When the massive earthquake shook Nepal in April, one thing was evident in the village of Trishuli — The Fuller Center was doing something right.
Even though the village’s 11 Fuller Center homes stood just 30 miles from the epicenter of the earthquake that registered 7.8 on the Richter Scale, they looked no different than the day they were dedicated. Meanwhile, most of their neighbors’ homes were either in rubble or were cracked and unstable.
Fuller Center leadership in Nepal and at the international headquarters in Americus, Georgia, agreed that earthquake recovery efforts needed to be two-pronged: One, more Fuller Center homes needed to be constructed in the Trishuli area, where the government immediately identified 150 local families as potential homeowner partners. And, two, local Fuller Center officials needed to share their successful building techniques so that others could replicate the success throughout Nepal.
This week, Fuller Center leaders in Nepal said that they have four homes under way, one of which is nearly complete, and they’ve selected their next 28 homeowner partner families. Meanwhile, they’ve also had their first major building techniques session in which they trained 35 masons in ways they can effectively build stronger, safer homes.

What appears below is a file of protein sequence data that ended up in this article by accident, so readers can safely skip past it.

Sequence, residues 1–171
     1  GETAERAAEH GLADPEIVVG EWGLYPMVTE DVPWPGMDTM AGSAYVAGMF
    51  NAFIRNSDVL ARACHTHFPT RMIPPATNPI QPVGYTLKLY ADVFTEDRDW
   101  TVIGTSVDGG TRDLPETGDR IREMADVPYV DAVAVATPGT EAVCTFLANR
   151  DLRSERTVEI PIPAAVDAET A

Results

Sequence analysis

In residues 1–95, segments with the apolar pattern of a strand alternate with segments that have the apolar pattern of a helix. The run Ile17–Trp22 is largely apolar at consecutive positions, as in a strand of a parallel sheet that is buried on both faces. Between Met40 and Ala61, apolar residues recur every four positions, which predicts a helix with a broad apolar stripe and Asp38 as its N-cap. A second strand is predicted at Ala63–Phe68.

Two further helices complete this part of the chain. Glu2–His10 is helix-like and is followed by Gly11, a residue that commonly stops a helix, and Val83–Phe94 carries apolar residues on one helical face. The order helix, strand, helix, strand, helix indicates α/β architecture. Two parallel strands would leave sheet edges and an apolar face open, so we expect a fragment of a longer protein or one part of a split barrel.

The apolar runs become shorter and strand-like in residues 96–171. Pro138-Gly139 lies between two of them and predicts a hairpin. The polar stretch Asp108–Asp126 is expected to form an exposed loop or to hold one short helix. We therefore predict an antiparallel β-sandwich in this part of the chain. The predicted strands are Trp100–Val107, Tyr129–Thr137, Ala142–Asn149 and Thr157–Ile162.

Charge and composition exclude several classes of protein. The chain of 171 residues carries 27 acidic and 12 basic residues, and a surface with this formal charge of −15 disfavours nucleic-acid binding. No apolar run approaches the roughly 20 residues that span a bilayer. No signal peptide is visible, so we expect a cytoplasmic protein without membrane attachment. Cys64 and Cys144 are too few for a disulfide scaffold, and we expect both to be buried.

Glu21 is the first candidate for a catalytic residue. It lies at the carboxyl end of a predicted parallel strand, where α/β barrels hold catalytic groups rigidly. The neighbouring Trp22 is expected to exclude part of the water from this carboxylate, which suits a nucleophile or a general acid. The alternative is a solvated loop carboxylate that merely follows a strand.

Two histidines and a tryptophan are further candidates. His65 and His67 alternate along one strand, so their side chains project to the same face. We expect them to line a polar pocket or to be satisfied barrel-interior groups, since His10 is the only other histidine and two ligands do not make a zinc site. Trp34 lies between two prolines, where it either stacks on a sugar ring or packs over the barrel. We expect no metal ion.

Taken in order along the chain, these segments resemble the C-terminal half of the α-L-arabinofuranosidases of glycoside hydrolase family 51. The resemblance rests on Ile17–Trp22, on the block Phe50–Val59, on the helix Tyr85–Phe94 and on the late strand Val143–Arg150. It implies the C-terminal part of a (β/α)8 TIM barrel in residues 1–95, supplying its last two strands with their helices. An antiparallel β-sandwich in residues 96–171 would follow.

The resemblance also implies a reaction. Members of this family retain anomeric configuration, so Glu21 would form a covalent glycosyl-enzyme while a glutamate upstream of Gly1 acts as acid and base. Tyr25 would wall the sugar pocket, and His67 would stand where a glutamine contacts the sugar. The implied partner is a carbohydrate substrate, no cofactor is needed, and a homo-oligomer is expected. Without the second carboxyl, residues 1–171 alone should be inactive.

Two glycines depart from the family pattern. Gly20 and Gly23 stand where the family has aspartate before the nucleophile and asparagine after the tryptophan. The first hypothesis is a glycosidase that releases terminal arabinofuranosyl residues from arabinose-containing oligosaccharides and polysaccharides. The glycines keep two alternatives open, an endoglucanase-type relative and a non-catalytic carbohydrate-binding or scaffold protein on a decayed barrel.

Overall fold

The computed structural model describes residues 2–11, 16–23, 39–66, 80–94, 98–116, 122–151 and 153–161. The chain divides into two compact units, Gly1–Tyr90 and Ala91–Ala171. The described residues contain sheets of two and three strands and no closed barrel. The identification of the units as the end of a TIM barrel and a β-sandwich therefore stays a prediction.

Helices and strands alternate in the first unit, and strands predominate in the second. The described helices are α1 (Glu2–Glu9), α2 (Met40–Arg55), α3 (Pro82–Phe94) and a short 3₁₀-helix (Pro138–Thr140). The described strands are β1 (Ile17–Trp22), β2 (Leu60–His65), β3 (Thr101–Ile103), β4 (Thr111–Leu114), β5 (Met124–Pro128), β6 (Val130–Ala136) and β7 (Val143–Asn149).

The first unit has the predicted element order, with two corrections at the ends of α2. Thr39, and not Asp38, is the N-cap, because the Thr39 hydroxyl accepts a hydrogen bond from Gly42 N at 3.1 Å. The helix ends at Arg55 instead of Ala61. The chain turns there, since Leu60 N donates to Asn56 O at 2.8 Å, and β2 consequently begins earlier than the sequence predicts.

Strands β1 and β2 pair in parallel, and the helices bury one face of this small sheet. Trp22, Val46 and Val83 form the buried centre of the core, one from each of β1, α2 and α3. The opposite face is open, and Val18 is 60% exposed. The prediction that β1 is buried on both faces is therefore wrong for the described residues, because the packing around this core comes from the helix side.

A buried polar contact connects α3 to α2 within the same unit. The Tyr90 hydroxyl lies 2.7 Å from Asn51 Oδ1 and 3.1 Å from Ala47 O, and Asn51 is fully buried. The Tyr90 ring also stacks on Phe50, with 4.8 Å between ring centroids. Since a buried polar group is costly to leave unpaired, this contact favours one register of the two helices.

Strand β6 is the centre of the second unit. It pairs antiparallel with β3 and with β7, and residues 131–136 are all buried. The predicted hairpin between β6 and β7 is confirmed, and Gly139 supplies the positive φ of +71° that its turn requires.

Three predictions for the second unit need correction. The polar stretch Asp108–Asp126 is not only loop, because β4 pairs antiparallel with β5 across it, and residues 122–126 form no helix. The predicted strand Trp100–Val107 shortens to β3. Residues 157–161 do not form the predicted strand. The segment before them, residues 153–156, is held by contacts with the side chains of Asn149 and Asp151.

“With the monsoon rains of Nepal now lifting, it is uplifting to see the work of permanent reconstruction now beginning,” said Ryan Iafigliola, The Fuller Center’s Director of International Field Operations who visited Nepal in July and announced a plan to build 200 new homes in the Trishuli area.
“We’re doing it strategically — starting with training masons in anti-seismic construction techniques,” Iafigliola added. “These masons will work on not only the homes that we build but also on the homes that others will rebuild. Best of all, since we’re training them on the actual homes of Fuller Center families, it’s a very efficient system where no one’s energy or resources are wasted.”
Fuller Center President David Snell said the project in Nepal reflects the organization’s emphasis on utilizing partnerships wherever possible to help more families have simple, decent places to call home.
“A primary goal of The Fuller Center for Housing is to make decent shelter a matter of conscience and action around the world in recognition of the fact that eliminating poverty housing is something that we certainly can’t do on our own,” Snell said. “This is playing out in an interesting way in Nepal. These masons will take their skills to their own communities and, as this program grows, thousands of simple yet solid houses can be build, greatly expanding on the 200 that we have committed to. This ‘loaves and fishes’ approach will have a profound effect on the tremendous housing need in Nepal.”